Lewis Hamilton has started negotiations with Mercedes over a new deal.

The seven-time world champion indicated during the Silver Arrows' launch at Silverstone on Wednesday that he is "planning to stay a bit longer".

And Mercedes team principal Toto Wolff later revealed discussions over an extensions to Hamilton's £40 million-a-season deal (€45m), which expires at the end of the year, have begun.

"We have had a first chat, but I don't want to commit to any timeline," said Wolff.

"That is not important for him or for us. His current contract runs a full year and we will find the right time.

"We have done a few of these contracts in the past and it is not usually complex apart from the obvious terms."

Hamilton turned 38 last month with his next deal - which likely to be a multi-season contract - is set to carry him beyond his 40th birthday.

Wolff added: "The age plays no role for this next contract. If you look at how well top athletes have pushed the boundaries, and I am thinking about Tom Brady, who is 45 and has been on a pitch and being tackled.

"In terms of the contract, we have always found good solutions that reflect his value to the team, and the sport, and Mercedes is the place he wants to be. Nothing is dragging on, the alignment is great and this will be a journey that continues."

Hamilton recorded his worst championship finishing position in F1 last year after the Silver Arrows failed to master the sport's new regulations.

But Wolff continued: "How he appears to me is in great form, very positive, motivated, energised, and maybe the best so far I have seen in those 10 years at Mercedes after the winter.

"He knows what he has with the team. We have won eight constructors' titles in a row, and we got it wrong last year. The resource and the capability is there and we just need to continue to develop like we have done last season.

"I don't think it plays on Lewis' mind, that he is in any doubt that the team can perform. We will. Eventually."

Earlier Hamilton said: "I have been here a long time. I continue to love racing and that is never ever going to change. It is part of my DNA and I always believe I can get better.

"I love the challenge of the mental and the physical elements, of having to deep dive, and see how I can extract more performance from me, the people around me, and the car that is constantly evolving.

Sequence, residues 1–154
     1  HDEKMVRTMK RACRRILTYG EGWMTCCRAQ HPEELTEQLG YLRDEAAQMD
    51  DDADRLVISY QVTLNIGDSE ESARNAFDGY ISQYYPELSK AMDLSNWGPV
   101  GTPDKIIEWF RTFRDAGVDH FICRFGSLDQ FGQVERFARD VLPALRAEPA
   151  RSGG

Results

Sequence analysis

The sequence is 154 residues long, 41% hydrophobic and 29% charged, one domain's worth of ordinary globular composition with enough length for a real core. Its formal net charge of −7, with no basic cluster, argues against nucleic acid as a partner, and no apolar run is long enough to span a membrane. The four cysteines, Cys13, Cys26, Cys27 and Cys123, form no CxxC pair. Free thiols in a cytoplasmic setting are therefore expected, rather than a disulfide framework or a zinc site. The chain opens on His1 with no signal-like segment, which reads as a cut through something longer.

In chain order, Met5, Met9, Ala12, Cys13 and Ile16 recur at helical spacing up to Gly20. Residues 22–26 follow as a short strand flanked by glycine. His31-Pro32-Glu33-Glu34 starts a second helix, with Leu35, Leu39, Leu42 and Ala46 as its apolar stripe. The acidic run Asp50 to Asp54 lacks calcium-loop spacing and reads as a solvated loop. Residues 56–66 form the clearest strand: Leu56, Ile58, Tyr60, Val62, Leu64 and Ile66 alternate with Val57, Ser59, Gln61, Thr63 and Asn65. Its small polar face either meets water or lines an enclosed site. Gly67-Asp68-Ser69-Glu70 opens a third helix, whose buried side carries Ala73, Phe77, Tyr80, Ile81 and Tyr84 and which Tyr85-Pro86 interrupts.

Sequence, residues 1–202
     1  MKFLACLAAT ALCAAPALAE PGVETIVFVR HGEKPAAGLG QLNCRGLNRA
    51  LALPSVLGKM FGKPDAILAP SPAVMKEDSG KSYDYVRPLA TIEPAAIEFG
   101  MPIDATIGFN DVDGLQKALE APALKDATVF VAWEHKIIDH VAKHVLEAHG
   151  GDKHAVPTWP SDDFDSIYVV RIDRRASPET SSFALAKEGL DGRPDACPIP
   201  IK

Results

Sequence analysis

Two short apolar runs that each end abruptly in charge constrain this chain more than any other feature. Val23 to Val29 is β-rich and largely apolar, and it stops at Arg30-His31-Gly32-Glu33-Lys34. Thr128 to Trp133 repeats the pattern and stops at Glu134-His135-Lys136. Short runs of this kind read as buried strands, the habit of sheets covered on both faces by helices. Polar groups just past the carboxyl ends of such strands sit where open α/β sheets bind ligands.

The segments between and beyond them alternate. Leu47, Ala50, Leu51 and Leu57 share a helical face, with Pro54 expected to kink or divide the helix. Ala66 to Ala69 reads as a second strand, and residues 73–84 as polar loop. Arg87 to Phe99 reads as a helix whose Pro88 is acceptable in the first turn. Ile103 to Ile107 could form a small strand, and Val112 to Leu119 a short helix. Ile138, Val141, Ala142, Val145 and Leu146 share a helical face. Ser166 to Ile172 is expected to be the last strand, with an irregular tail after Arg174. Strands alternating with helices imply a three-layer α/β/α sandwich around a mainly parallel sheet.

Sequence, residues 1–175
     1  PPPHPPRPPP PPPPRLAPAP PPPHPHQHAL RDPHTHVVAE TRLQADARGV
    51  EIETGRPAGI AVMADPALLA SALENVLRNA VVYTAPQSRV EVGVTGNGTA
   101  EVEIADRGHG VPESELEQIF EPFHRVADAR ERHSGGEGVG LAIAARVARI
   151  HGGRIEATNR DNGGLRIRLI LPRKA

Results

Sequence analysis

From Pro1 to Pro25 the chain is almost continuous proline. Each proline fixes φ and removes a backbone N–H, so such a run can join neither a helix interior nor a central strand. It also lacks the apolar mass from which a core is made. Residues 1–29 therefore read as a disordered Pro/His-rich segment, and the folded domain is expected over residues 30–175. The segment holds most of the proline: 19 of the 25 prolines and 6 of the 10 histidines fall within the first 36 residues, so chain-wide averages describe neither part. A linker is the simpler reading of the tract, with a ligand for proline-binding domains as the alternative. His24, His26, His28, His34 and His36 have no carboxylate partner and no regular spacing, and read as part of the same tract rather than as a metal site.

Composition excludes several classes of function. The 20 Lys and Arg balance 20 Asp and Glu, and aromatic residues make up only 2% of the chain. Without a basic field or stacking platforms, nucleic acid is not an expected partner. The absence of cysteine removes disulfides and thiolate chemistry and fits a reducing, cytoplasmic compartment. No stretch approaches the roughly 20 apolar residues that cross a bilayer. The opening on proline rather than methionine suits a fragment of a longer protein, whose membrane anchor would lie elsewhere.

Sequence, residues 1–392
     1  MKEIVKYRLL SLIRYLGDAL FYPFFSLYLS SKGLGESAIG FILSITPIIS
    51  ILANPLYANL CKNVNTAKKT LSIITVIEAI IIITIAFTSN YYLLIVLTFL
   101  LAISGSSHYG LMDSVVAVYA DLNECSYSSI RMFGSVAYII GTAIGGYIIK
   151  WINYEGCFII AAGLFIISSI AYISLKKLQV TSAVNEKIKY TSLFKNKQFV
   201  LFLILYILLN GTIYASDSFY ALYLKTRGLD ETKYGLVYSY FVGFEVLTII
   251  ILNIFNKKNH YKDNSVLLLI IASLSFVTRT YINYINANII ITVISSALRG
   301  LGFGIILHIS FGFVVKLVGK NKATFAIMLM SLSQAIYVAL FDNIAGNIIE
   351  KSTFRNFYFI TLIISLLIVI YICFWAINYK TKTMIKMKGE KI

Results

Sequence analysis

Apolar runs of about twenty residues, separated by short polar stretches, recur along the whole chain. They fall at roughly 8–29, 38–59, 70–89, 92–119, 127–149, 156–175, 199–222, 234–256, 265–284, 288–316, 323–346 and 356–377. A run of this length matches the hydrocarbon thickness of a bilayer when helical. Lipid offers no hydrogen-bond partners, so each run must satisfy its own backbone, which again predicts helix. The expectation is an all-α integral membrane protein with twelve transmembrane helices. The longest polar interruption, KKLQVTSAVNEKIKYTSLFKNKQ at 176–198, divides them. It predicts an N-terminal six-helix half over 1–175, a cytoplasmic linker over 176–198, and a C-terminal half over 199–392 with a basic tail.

"There is always a new log-book and new tools that you have to get used to, and I love that so I am planning to stay a little bit longer."

Meanwhile, Hamilton is set for a collision course with the FIA after telling Formula One's governing body that he will not be silenced.

The FIA has recently updated its rules to prevent drivers from making "political, religious or personal" remarks without prior approval.

Their controversial clampdown comes after drivers - including seven-time world champion Hamilton and the recently-retired Sebastian Vettel - have spoken out on issues such as racism, diversity and the environment in recent seasons.

However, the sporting federation, and its under-fire president Mohammed ben Sulayem, has attracted a backlash for the new law, with a growing number of the grid venting their frustrations.

Earlier this week, McLaren's Lando Norris called for a U-turn and said F1 drivers should not be treated like school children.

Asked about the FIA's move to effectively gag the drivers, Hamilton, 38, said: "It doesn't surprise me.

"But nothing will stop me from speaking on the things that I am passionate about and the issues that there are.

"I feel the sport does have a responsibility to speak out on things and raise awareness on certain topics, particularly as we travel to all these places, so nothing changes for me."

Amid ongoing tensions between Formula One and the FIA, F1 boss Stefano Domenicali recently said he "will never put a gag on anyone". He also said he expected the FIA to clarify its position.

As it stands, Hamilton, who last season clashed with Ben Sulayem over the wearing of jewellery in the cockpit, would face a sanction from the FIA if he opposes its contentious rule.

"It would be silly to say that I would want to take penalty points for speaking out on things," added the Mercedes driver at the team's Silverstone launch.

"But I am still going to be speaking my mind. We have this platform and there are still a lot of things that we need to tackle.

"The support of Stefano has been amazing and all the drivers are very much aligned on freedom of speech."